The over-the-top craft beer weeks that have taken over some U.S. cities — like Philly and San Francisco — have no real analogue here in Belgium. But the closest thing might be ZBF weekend, which is gradually expanding into more than half a week. Now if someone would just plan stuff for Monday, Tuesday and Wednesday — beer dinners? meet-the-brewer events? homebrew competition? — we'd be in business. (And in trouble.)

Its all built around the Zythos Beer Festival in Sint-Niklaas. More on that event later, which attracts plenty of traveling beer geeks. That makes it a good time for other places that like traveling beer geeks to organize to-dos.

For now, it starts Thursday, March 4, with the Pre-ZBF Festival at Lakebosschen castle in Oostkamp, not too far from Bruges. Click on that link to find a PDF with all details in English. (Note the excellent "beeriodic system" that represents the fest's beer list.) Organized chiefly by the Alvinne picobrewery, last year's success follows with beers from Alvinne, Struise and Urthel, Dutch brewery De Molen, plus British breweries Thornbridge and Brewdog. No doubt there will be other surprises.

The Thursday Pre-ZBF event is a "whisky and beer" experience from 5 p.m. to 10 p.m. Don't bother, it's already sold out. Friday is open to the wider public, though, with or without reservation, from 10 a.m. to 8 p.m.

Also on Friday: the Night of Great Thirst, out at the excellently named Verzekering tegen de Grote Dorst (Insurance Against Great Thirst) in Eizeringen, not far west of Brussels. This is simply one of the world's best lambic cafés, and this event only happens every two years. It starts at 7 p.m., and all the major lambic makers are there... except for Cantillon. But that's OK, because...

Saturday is not just when ZBF starts. It's also Cantillon's semiannual Public Brewing Day. For those planning to hit ZBF later that day, what better way to start than coffee and croissants with the smell of cereals wafting through the air at Cantillon, bright and early?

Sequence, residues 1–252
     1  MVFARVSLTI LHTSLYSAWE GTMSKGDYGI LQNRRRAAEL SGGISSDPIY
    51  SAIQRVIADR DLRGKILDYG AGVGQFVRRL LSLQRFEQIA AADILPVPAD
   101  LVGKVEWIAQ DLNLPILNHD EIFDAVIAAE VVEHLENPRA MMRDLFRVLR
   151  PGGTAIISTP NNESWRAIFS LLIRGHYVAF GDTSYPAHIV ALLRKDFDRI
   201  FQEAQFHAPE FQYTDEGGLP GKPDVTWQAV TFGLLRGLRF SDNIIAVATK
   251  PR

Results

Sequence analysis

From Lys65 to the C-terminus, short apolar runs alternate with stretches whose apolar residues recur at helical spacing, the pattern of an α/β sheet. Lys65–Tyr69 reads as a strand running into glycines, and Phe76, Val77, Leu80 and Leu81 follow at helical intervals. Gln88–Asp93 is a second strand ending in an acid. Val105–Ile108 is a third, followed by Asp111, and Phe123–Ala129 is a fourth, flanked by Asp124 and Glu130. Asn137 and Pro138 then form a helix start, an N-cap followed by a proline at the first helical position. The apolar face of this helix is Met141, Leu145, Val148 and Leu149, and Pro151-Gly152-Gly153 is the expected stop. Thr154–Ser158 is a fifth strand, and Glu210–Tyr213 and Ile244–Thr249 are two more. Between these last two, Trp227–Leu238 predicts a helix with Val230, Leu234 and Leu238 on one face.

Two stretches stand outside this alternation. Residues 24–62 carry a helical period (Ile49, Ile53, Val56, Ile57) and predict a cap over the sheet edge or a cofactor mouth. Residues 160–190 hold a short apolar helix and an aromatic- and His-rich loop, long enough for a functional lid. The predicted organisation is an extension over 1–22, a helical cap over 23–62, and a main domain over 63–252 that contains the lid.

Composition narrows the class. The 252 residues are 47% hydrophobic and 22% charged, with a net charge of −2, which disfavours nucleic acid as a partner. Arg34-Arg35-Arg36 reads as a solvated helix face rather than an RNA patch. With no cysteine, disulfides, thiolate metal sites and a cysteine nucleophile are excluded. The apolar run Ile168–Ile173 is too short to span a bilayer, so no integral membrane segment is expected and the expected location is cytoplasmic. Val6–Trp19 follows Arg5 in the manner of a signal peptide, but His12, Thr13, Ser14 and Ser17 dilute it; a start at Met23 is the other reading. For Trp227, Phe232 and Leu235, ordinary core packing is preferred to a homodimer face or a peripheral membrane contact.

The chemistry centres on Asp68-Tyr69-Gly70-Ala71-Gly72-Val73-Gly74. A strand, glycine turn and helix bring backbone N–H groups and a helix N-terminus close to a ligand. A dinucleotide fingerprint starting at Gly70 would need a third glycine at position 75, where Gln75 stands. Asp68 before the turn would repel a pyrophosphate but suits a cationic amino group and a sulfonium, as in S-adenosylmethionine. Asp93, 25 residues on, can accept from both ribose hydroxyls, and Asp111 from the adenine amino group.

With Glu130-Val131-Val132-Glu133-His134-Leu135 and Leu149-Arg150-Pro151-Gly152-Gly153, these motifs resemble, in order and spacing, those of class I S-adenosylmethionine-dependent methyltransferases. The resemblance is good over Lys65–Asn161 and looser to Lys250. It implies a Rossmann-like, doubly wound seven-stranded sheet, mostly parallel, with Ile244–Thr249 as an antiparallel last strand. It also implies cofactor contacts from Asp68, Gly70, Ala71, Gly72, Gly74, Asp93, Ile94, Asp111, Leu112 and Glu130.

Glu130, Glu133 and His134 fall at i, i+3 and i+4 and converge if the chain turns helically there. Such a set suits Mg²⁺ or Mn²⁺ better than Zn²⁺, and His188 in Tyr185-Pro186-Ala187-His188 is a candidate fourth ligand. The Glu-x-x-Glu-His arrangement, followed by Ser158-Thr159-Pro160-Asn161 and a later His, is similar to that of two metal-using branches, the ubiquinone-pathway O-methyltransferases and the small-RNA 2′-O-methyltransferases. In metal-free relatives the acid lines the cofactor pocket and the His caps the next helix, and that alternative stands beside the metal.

For the rest of the weekend you've got to options: go two ZBF or drown yourself in Cantillon (and about 30 other top draft beers) at Moeder Lambic Fontainas. Or both.

Hard to go wrong, no matter which path you take.

Tuesday, February 9, 2010

Moeder Lambic and Cantillon Add to ZBF Weekend Festivities.

Very soon I'll have for you a more complete rundown of all the happy things going on the (lengthening) weekend of the Zythos Beer Festival. But for now a quick item...

You may already know that Cantillon usually holds its semiannual public brew session on ZBF Saturday, March 6. But now you also know this: To honor Cantillon and its fans, Moeder Lambic Fontainas is organizing a mini-festival of sorts all weekend long.

The main attractions are the following lambic stars on draft: Lou Pepe Kriek and Kriek Cuvée Moeder (cherries), Rosé de Gambrinus (raspberries), Vigneronne (white muscat grapes), St. Lamvinus (red Merlot and Cabernet grapes), Iris (dry-hopped), Cuvée des Champions (dry-hopped), Zwanze 2008 (rhubarb), and Zwanze 2009 (elder flowers). Plus, maybe, another surprise beer.

That doesn't include the Gueuze Cantillon, which is always on tap there, or the kriek, faro and unblended lambic from the handpumps.

More fun stuff tomorrow.

UPDATE: According to co-owner Jean Hummler, most of that joyous lambic tappery will begin Friday. Only the Zwanzes and the surprise batch will wait for Saturday. So, fest-goers, plan away.

ANOTHER UPDATE: Scratch that Friday business. Now the lambics will be flowing from the fountains on THURSDAY.

Tuesday, February 2, 2010

Post No. 209, Now There's an Exciting Title.

Boulevard in Missouri and Orval in Belgium are two of my favorite breweries in the whole wide world. The fact that I'm from Missouri and live in Belgium adds a certain sentimental attachment to both. So I've been swooning over their upcoming Collaboration No. 1 since news of it broke a short while back. Even though that name is so boring it puts me to sleep.

However, I've also been scratching my head over the style: "imperial pilsner"? Excuse me, Mr. Pauwels and Mr. Rock, but really? Can't we stop imperializing lagers and just call them bocks?

Now I understand the beer a little better, thanks to Stan Hieronymous. He has the full story here. Jean-Marie Rock wanted to do something not possible at Orval: a first-wort-hopped, high-strength lager. Well, OK. This guy has earned the right to brew whatever the hell he wants. So has Steven Pauwels of course.

But they should consulted me before choosing the boring name. Clearly this beast should be called Rock Bock.